There are multiple ways to build a successful proactive maintenance strategy.
Although the outcomes are generally similar, the maintenance approach often changes based on the company size, goals, asset types, and maintenance team capabilities.
Let’s go over a few steps of the implementation process:
1. Set Clear Goals
The first step in creating an effective maintenance program with a proactive nature is to set clear goals. Think about what your company wants to achieve or to avoid with maintenance management.
Some common goals are to:
- increase assets’ useful life
- increase risk management efficacy by decreasing dangerous reactive operations
- predict failures before they occur to increase the financial return on machines
- decrease the operational risk of crucial equipment to avoid costly downtime
2. Prioritize Assets
Once your maintenance goals are outlined, the next step is to select which assets you will need to include in the maintenance program.
All of the company’s assets are important and play an important role. However, it is a good idea to categorize assets based on vitality.
- Machines can be prioritized based on the following queries:
- How crucial is the asset to the organization’s operations? Think about the impact of downtime.
- What is the financial impact of possible reactive maintenance on the asset? Think about the direct costs with maintenance if the machine breaks down.
- How difficult is it is for maintenance technicians to access asset parts to verify conditions? If it the access is hard, predictive maintenance can help assess conditions without having to shut the equipment down.
3. Select the Type of Maintenance
This is where you decide whether you will invest in preventive maintenance, predictive maintenance, or a combination of both.
While predictive maintenance involves larger costs, it brings a larger ROI due to its preciseness. This makes it a great alternative for the most important assets. Preventive maintenance on the other hand is a great option for assets that can easily go through maintenance, without needing to shutdown.
4. Choose an Efficient CMMS Software
A computerized maintenance management system (CMMS) is the platform that receives, integrates, and organizes assets data while also offering a complete dashboard with scheduling features.
Some modern CMMS solutions, such as Limble CMMS, offer both a predictive maintenance module and a preventive maintenance module, along with other maintenance solutions.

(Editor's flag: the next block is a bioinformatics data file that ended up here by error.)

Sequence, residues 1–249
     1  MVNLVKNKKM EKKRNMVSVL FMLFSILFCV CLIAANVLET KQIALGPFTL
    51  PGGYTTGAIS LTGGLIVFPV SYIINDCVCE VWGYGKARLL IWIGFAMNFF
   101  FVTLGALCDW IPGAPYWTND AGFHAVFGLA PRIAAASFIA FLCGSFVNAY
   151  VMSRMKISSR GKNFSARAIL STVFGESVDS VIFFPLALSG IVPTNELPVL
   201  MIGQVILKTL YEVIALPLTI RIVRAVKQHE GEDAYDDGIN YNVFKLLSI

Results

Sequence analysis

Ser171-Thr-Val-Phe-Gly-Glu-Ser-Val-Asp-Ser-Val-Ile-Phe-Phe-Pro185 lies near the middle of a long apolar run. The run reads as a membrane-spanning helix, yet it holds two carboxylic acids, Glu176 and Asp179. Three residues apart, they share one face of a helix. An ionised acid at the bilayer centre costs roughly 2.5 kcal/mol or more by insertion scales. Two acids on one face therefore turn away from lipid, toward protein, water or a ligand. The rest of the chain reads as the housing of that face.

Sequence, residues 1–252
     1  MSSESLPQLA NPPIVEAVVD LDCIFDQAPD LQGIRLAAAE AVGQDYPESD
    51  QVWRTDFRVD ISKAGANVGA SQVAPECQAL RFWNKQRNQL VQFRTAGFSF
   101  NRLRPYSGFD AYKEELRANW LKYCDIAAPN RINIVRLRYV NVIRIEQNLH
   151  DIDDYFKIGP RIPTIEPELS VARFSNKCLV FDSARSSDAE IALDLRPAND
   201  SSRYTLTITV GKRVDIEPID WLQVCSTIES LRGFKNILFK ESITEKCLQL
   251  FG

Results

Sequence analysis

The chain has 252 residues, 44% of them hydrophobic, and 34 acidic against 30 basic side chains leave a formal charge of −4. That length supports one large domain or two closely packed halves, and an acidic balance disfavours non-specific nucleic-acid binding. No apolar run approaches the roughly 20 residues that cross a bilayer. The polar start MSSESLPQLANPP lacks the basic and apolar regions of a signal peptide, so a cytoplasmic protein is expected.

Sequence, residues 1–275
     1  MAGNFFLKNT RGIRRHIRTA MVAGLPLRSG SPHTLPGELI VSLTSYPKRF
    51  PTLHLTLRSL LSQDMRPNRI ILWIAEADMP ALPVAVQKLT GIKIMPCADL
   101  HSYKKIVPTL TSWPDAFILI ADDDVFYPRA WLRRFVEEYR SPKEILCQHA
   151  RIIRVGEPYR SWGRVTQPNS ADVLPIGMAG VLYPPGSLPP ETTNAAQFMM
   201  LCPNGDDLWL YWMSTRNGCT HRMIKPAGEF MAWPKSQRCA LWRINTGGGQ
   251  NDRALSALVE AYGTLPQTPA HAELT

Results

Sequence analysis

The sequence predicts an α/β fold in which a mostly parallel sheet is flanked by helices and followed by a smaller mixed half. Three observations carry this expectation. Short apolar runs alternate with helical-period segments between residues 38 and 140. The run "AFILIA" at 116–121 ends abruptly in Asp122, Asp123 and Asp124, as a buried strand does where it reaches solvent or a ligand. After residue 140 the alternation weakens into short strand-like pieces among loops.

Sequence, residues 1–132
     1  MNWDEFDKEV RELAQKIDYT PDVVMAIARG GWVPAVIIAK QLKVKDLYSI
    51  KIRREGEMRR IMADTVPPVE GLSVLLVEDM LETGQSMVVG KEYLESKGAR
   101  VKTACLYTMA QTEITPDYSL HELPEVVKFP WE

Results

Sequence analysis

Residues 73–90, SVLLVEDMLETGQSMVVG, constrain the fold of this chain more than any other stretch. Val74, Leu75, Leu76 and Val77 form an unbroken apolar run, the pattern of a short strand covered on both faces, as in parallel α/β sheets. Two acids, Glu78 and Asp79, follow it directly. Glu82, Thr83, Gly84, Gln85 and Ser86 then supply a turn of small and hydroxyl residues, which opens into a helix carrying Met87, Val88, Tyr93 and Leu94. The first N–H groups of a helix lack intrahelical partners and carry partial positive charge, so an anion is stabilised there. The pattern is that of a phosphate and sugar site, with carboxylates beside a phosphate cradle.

CMMS software can automatically send notifications to the designated team members when maintenance managers add a maintenance activity to the calendar. Managers also receive notifications when the PdM sensors detect any abnormality on the assets.
Limble CMMS software allows managers to program the system to automatically create work orders as the algorithm determines a potential failure.
This notification system streamlines communication and productivity as maintenance technicians receive the work order request automatically and can access the dataset through the mobile app to verify the details of the service needed.
Streamline Maintenance With a Proactive Approach
If you want to promote successful operations, the first step is avoiding equipment failures.
Having your maintenance team constantly reacting to machine failure not only is an indication of organization dysfunction but also can affect the organization’s bottom line. Reactive maintenance can also represent a safety risk to the team.
Maintenance departments can improve equipment reliability, reduce unplanned downtime, and keep costs low by implementing proactive maintenance plans that fix small problems before they become big ones.
If you are interested in learning more about the best way to approach proactive maintenance, book a demo with one of our team members. We would love to hear more about your company’s needs, goals, and help you outline the best solution.
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Very easy to use, functionality is great
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"We haven't fully integrated Limble yet but we are already seeing improvements in our efficiency. As we fully integrate Limble we expect to see more benefits and increase our response and completion times. The customer support has been outstanding. The Limble team is very quick to respond to any questions and they are very open to suggestions."Jan 18
Limble is the best thing to happen to this company